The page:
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For former DMK president and Chief Minister M Karunanidhi, Kanyakumari presented a political problem that gave him an opportunity to indulge in his trademark alliterative Tamil. “Tirunelveli is our border and Kumari is trouble [Nellai engalakku ellai, kumari engalukku thollai],” he said. The district’s politics continues to be dominated by national parties and Dravidian parties have often fought unsuccessfully to gain dominance. In the past it was Congress, CPM and even Janata Dal, now the BJP has a significant presence here.

Not only in politics, in other areas too, Kanyakumari stands apart, such as in culture, traditions, and even food habits. Even physically, the district stands apart. When one drives down Tirunelveli, the perennially parched lands of Tamil Nadu suddenly take a lush green hue when one enters Kanyakumari. “Kanyakumari is fertile. It’s geography is a key reason for that,” says N T Dinakar, writer, and author.

He adds that Kanyakumari boasts of four of the five land forms talked about in Sangam literature – kurinji, mullai, neythal and marutham. It has mountainous lands, besides forests, farmlands as well as the coast. “This has shaped people’s lifestyle and food habits,” says S Lazarus, an environmentalist.

On the west is the Arabian Sea, east is Bay of Bengal and towards the south is the Indian Ocean. The Western Ghats taper off into farmlands.

Elsewhere in Tamil Nadu, rains come mainly from northwest monsoon. Here, both the monsoons bring rains. For most part of the year, it is pleasant, and doesn’t get too hot. Expansive farms and orchards dot the landscape. “In June, the farmers take up the first crop taking advantage of the southwest monsoon. Its harvest is celebrated through the Thiruvonam day just like in Kerala,” says K Madhavan, a farmers leader.

Kanyakumari villages boasted of a network of tanks to store the plentiful rains they got and they used to have three crops every year as a routine. “The landscape is such that the rain that pours in the ghats can quickly run off into the sea. To prevent that, waterbodies were dug in every village,” says social researcher Thirparappu Jayamohan. When famine hit in the 19th century, tapioca was introduced and it has remained a part of the local cuisine.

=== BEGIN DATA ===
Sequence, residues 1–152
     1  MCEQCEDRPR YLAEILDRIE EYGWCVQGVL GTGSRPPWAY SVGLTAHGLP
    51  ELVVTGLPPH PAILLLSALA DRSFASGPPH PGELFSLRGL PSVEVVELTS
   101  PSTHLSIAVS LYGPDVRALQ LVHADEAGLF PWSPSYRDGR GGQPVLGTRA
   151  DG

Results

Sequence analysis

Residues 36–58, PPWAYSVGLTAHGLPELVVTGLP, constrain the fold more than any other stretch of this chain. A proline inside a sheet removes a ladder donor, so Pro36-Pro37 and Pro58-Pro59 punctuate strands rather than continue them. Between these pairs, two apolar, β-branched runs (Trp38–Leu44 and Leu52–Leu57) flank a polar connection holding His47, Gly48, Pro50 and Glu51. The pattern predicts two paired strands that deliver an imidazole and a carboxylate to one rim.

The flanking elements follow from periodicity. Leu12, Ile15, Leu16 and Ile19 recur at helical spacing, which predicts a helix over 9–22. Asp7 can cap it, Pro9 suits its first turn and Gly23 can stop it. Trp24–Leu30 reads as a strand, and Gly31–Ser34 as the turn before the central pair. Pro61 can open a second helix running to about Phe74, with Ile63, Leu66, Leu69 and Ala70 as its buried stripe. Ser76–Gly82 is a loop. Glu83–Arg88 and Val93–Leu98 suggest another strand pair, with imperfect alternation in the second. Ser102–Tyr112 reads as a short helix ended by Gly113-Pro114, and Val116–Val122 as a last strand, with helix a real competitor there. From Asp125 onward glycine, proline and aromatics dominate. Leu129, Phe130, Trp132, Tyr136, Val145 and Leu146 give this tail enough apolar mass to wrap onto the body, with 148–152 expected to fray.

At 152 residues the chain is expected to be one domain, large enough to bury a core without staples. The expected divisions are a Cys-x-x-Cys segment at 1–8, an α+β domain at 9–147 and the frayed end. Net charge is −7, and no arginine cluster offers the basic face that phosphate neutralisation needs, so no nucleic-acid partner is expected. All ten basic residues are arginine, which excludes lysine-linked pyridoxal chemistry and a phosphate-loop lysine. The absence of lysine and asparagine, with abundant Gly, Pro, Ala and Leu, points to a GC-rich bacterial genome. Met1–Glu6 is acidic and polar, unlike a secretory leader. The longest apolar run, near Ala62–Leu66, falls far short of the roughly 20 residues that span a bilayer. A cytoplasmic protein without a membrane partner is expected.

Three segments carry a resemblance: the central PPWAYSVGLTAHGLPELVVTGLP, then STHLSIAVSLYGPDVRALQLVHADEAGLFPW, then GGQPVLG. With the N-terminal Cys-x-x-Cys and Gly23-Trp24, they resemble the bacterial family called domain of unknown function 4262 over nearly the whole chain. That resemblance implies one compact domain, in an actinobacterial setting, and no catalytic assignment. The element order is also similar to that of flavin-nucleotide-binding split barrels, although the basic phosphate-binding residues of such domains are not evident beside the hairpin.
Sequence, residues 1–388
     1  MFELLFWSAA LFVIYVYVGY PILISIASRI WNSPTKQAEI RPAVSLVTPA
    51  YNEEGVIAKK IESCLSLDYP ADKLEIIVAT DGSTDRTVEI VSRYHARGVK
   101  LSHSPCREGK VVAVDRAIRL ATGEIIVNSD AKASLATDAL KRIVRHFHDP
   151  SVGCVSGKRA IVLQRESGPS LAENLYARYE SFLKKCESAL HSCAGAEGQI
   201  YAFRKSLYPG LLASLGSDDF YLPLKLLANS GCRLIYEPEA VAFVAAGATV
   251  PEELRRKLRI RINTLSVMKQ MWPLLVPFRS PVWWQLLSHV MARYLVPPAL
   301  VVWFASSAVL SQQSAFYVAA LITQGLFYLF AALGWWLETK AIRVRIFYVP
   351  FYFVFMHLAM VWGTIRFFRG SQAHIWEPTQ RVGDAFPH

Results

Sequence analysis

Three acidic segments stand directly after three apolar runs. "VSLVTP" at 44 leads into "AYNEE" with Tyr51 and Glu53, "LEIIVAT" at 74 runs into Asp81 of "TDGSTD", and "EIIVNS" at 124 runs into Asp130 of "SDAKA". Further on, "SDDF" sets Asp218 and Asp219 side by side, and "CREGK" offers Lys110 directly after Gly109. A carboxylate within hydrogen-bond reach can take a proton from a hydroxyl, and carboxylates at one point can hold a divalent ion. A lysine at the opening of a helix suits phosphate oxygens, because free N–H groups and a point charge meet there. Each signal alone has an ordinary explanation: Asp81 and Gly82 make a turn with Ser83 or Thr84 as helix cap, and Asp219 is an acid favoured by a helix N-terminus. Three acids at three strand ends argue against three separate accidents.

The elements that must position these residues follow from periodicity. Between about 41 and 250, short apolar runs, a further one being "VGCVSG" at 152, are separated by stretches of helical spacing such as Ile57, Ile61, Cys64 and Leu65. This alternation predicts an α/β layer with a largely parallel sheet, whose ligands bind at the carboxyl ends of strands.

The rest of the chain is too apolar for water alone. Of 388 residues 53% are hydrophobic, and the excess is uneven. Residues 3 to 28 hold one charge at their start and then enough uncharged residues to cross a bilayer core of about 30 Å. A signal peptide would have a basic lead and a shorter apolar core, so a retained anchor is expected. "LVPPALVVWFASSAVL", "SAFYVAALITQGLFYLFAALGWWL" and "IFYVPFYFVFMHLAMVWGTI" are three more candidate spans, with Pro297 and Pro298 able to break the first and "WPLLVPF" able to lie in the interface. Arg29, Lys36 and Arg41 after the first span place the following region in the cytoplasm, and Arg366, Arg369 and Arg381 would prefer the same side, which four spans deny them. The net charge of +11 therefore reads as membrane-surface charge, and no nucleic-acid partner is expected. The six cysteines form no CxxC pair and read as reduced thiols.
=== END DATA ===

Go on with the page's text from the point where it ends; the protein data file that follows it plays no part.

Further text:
Lazarus says the fishermen here are highly skilled. “The sea is quite rough and challenging in these parts since three oceans meet here, and fishermen are equally skilled. They have to maneuver through currents that can go either direction,” he says.

Lazarus adds that on surface the current may be north-south, but some 5 m below it can turn south-north. Waves can be routinely 8 feet high and the coast is strewn with big, black rocks. “Kanyakumari fishermen have developed their skills to overcome all these adversities,” he says.

Elsewhere in Tamil Nadu, social reforms were instituted in the late British period, largely as a result of the Justice Party and Periyar. Kanyakumari saw social reform movements a hundred years earlier when it was part of the Travancore kingdom. A leader of the movement was Ayya Vaikundar. Following him, Chattambi Swamigal, Sri Narayana Guru, Ayyankali and others headed social reform efforts. “When Jainism and Buddhism were on the up here, Christianity and Islam came. Though Brahmin domination did reign here, reforms have also been instituted in parallel,” says historian Kollangodu Viswan.

The role of Christian missionaries in spreading education is also to be noted. “Along with their evangelical activities, they expanded education and health facilities,” says Lazarus. He cites Neyyur hospital and Putheri Catherine Booth hospital that were established by missionaries more than 100 years ago. Kanyakumari leads Tamil Nadu in many social indices including the human development index.

As a result of sustained agitations by Ayyankali, Dalits got the right to be educated in 1910 in Travancore state. The seeds of change were sown during that era, says Lazarus.

J M Hasan of the Tamil Nadu Progressive Writers’ Association says in Mysore state and Travancore state the rudiments of a democratic set up were there. In Travancore, for instance, through the Sri Moolam Thirunal Praja Sabha, people elected their representatives although there was no universal adult suffrage. When India became independent, Travancore refused to join the Indian Union. Passports were demanded for travel to Tirunelveli. After protests, Travancore became part of the Indian Union.

In 1956, the district was created based on linguistic organization of states. “Kanyakumari was a step ahead of the then Madras presidency in education and social development. This continues to this day,” he adds.

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